German producer Atom™ on stretching the boundaries of electronic music.
Regarded as the father of electrolatino, electro-gospel and aciton (acid-reggaeton) music, Uwe Schmidt, or better known by his alias Atom™, which incorporates all the works of Schmidt among Atom Heart and Señor Coconut, is a German composer, musician, and record producer of electronic music.
Uwe Schmidt began making music in the early ‘80s, the time he was living in Frankfurt, Germany. The initial steps of his career include the co-founding of his cassette label N.G. Medien, the release of his first musical work, The Engineer’s Love, under his project Lassigue Bendthaus, and the creation of the first official album, Matter (1991), published on the German label Parade Amoureuse.
Influenced by the emerging house and acid house in the early ‘90s, Schmidt mainly worked on dance floor oriented productions, announced a series of releases, and created his project Atom Heart, which he adopted as his main artist name from then on. Besides being involved in the techno scene, Schmidt’s productions laid the foundation for the trance movement that was going to gain popularity towards the end of the decade.
During this time, Schmidt was also working with the Austrian multimedia artist Station Rose, releasing the 12-inch, Digit Eyes. When Parade Amoureuse went bankrupt, Schmidt released his work on the N.G. Medien sub-label POD Communication. POD Communication was the house where Schmidt published numerous productions under the guises of Atom Heart, Lisa Carbon and Atomu Shinzo.
Schmid released a vast amount of productions worldwide, which enabled him to play live concerts all around the world, including his first live show in 1992 together with Pink Elln (Tobias Freund), in one of the first rave parties in Finland.
Besides his debut album Matter (1991), as Lassigue Bendthaus, Schmidt released three other albums including Cloned (1993) on Contempo Records, Render (1994) on KK Records, and his last album as LB, the abbreviation for Lassigue Bendthaus, Pop Artificielle (1999), a record considered by many as the initial point for the development of the glitch genre.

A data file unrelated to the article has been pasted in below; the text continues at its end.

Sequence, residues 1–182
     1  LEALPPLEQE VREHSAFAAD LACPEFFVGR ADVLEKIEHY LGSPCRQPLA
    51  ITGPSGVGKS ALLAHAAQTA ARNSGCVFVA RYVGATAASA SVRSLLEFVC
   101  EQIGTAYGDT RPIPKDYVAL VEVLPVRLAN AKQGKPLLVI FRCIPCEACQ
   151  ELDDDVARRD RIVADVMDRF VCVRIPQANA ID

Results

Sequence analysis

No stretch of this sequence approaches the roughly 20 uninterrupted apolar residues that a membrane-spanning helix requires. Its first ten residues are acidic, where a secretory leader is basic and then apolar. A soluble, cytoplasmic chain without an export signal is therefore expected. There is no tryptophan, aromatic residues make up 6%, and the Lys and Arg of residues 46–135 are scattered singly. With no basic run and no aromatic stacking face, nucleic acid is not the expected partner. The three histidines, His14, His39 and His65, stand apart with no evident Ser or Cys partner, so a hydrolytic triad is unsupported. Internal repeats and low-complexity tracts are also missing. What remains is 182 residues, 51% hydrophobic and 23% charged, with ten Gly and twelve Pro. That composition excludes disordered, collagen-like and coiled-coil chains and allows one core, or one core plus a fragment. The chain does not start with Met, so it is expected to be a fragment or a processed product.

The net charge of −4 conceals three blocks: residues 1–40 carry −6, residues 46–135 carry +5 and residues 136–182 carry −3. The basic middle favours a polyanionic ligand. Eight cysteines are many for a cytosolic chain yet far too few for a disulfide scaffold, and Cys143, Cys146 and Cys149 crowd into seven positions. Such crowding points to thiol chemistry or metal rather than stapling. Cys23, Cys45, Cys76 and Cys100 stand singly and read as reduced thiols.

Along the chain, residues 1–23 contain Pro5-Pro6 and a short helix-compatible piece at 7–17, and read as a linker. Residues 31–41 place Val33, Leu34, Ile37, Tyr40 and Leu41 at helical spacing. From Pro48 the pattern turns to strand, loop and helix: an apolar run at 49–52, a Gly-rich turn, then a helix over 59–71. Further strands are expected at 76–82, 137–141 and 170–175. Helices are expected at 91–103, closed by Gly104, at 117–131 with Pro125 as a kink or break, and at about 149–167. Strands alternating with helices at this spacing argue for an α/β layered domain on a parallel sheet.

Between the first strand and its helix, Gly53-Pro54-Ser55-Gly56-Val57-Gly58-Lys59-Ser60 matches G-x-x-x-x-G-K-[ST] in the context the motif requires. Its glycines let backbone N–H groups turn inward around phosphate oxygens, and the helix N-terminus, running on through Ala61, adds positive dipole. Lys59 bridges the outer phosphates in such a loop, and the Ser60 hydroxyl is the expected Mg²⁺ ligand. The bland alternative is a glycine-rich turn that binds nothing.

Due to some difficulties caused by the bankruptcy of Contempo Records and other labels, Schmidt went to live in Costa Rica, a culture which greatly influenced his musical orientation, especially his interaction with Latin music. When he left Costa Rica, Schmidt travelled to New York and met Tetsu Inoue to record the first Datacide album released in 1993 on POD Communication.
After returning to Frankfurt, still inspired by Latin music, Schmidt created his Señor Coconut moniker and diversified his musical style away from the techno scene. After distancing himself from the techno movement because of constraints on his style and artistic ambitions, Schmidt founded his label Rather Interesting in 1994, which he ran together with Pete Namlook.
Apart from his monthly release on Rather Interesting, Schmidt continued recording with Tetsu Inoue as Datacide. Their collaboration resulted in releases such as Datacide II (1994) on Fax +49-69/450464, a label founded by Pete Namlook, and later productions such as albums Flowerhead (1995) and Ondas (1996), on Schmidt’s Rather Interesting. Their collaboration continues with Yellow Magic Orchestra founded by Harumi Hosono, with another project known as HAT. In 1999, Schmidt and Inoue also collaborated with Bill Laswell on another FAX release, Second Nature. Schmidt also worked with Pete Namlook under the project Jet Chamber, with Victor Sol under the +N alias, and Burnt Friedman under Flanger.
After all, Schmidt would summarise his works under Atom™. Growing weary of the European techno music movement, Schmidt along with Chilean Dandy Jack with whom he created the project Gon, decided to relocate to the capital city Santiago in 1997. He released his El Gran Baile (1997) album, which would be the first work bearing the name of Señor Coconut, his electrolatino project.
The early 2000s marked a shift in Schmidt’s work, drawing inspiration from different sources such as rock and pop while always adding the Latin mix in various forms. He also interpreted many works from pioneers Kraftwerk, which he included in his second Señor Coconut El Baile Alemán album in 1999.
Besides producing and collaborating with numerous other musicians, Atom™ remixed productions of other artists; his music was featured in different movies; he acted a role in Orol, a Mexican film; and participated in various festivals and tours as Señor Coconut And His Orchestra, a full 9-man orchestra. In 2005, Señor Coconut album Yellow Fever! was released and later followed by the album, Around the World, in 2008. Another interesting collaboration of Atom™, Surtek Collective, with Vicente Sanfuentes, resulted in the creation of aciton genre, a blend of acid and reggaeton.
On the other hand, Schmidt’s first album as Atom™, XXX, was released in collaboration with Tea Time in the year 2000. Atom™ continued his partnership with Japanese contacts he had made through the years, including the renowned Japanese composer Masaki Sakamoto with whom he released the album, Alien Symphony, in 2010.